Sophomore slumps are fairly common in television both with good shows and not so good ones. It makes sense if you think about how much more time is fundamentally spent creating a first season than every subsequent one. After all, the first season is the one that determines if a show exists at all. No network would order a show that didn’t at least sound good until season four.
When Halt and Catch Fire’s second season started off with the main cast splintered off in four different directions, I couldn’t help but feel like this was familiar territory. It’s hardly uncommon for TV shows to separate their casts during finales, only to reunite them a few episodes into the following season. As season two progressed, I realized that bringing back the status quo wasn’t something HaCF particularly cared about. The cast stayed apart and the results were shocking. The show upped the ante and quietly became one of the best on television.
Much like the tech industry itself, HaCF is a show that’s constantly changing as it figures out what it’s supposed to be. Season one was completely powered by the trio of Lee Pace, Scoot McNairy, and Mackenzie Davis, with the cast mostly serving as interesting supplementary parts. Three episodes into season two, I found myself wondering why Toby Huss, who portrays former Cardiff executive John Bosworth, was still on the show. It’s not uncommon for characters to linger after they’ve served their purpose, which is how Bosworth usually looked hanging around the Mutiny headquarters. While he wasn’t given much screen time, Huss took every minute he was given and turned his character’s arc into perhaps the most heartfelt story of season two.
HaCF took a big risk in sidelining its lead actor for the majority of the season. Season one was about building the Giant. Season two was about Mutiny and for the most part, Joe McMillan had little to do with it. He didn’t have much to do at all besides clash with his stepfather, played by James Cromwell in a subtle yet powerful performance. As someone who first checked out the show because of Pace’s involvement, I was surprised at how okay I was with his backseat role in the season.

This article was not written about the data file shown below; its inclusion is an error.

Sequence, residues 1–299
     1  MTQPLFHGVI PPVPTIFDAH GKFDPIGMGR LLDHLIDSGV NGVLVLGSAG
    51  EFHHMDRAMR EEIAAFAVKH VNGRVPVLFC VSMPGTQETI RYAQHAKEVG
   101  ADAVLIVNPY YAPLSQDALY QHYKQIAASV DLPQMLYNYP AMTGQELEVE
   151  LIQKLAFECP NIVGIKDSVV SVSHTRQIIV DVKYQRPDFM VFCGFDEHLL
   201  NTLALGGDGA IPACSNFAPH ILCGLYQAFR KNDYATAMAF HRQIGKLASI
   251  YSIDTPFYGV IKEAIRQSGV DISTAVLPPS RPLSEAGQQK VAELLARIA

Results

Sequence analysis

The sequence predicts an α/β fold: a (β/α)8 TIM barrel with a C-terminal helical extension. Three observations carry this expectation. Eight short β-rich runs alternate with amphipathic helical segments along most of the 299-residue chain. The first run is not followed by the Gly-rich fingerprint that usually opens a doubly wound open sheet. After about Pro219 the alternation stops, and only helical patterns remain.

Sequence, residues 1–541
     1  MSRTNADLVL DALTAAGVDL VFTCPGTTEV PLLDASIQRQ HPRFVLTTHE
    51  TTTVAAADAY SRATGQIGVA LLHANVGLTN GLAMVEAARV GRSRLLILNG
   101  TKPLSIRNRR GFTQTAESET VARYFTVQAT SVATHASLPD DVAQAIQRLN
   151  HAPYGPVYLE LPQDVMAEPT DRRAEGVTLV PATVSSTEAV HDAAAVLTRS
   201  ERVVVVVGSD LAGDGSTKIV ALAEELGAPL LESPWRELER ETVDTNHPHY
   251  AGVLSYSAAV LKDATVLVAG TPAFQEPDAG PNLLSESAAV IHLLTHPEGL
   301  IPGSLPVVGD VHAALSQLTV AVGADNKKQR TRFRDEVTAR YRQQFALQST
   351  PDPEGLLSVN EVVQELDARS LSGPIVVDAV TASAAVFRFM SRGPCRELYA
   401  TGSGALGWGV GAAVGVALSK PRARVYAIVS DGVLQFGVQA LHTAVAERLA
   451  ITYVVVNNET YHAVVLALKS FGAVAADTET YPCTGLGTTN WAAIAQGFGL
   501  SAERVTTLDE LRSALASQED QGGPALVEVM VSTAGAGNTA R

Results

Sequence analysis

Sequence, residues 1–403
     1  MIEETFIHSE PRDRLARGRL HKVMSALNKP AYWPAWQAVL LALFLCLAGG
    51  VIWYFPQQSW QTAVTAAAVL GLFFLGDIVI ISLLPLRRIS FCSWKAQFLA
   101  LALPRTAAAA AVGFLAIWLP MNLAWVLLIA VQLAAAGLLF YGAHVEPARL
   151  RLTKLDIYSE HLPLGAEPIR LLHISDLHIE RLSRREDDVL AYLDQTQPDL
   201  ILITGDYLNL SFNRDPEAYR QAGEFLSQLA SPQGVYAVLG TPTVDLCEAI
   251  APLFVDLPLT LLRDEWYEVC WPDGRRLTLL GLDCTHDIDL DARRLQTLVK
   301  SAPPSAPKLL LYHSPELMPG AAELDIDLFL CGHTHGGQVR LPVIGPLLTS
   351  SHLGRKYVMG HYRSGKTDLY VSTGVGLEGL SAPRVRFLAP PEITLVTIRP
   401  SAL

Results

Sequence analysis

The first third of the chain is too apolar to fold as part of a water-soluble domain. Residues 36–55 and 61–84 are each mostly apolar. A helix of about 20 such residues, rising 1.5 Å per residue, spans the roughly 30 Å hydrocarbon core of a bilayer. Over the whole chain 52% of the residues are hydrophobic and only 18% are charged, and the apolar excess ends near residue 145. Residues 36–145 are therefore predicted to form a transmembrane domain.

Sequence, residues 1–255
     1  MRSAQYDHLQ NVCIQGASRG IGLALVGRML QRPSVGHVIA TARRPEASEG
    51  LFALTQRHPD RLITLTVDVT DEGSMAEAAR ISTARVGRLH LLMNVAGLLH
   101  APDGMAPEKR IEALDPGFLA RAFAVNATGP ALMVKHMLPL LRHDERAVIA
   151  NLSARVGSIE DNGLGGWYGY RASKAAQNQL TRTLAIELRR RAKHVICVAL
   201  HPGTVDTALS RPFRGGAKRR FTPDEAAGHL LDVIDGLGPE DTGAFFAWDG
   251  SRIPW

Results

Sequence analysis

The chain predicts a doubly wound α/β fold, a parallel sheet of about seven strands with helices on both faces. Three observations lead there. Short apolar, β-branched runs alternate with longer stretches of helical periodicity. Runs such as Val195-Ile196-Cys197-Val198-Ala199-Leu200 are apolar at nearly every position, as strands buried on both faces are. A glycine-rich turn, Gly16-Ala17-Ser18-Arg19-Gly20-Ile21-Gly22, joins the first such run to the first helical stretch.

Season two belongs to MacKenzie Davis and Kerry Bishé. Start-ups are chaotic and long hours often lead to short fuses. In Mutiny’s case, the fuses were short with both the characters and their office space, a cramped frat house filled with twenty-something programmers.
While season one had a fairly linear arc, season two was more of a blend. The characters took the front seat and rolled with it, allowing the chaos to heighten the viewer’s experience. HaCF is the perfect binge show because the lines between episodes become blurred to the point where you really don’t want to stop watching when the credits roll. Ten episode seasons make it easier to have almost no filler, a formula that AMC has also used for Better Call Saul.
Unfortunately and unsurprisingly, HaCF has a significantly smaller following than Saul. Strong critical support gave the show a third season, which could very well be the last if ratings don’t improve. That would be quite a shame as HaCF is one of the most original and entertaining shows on TV. Season two was a masterpiece and even if future seasons take a step back, they’ll still be better than the vast majority of what’s currently on the air.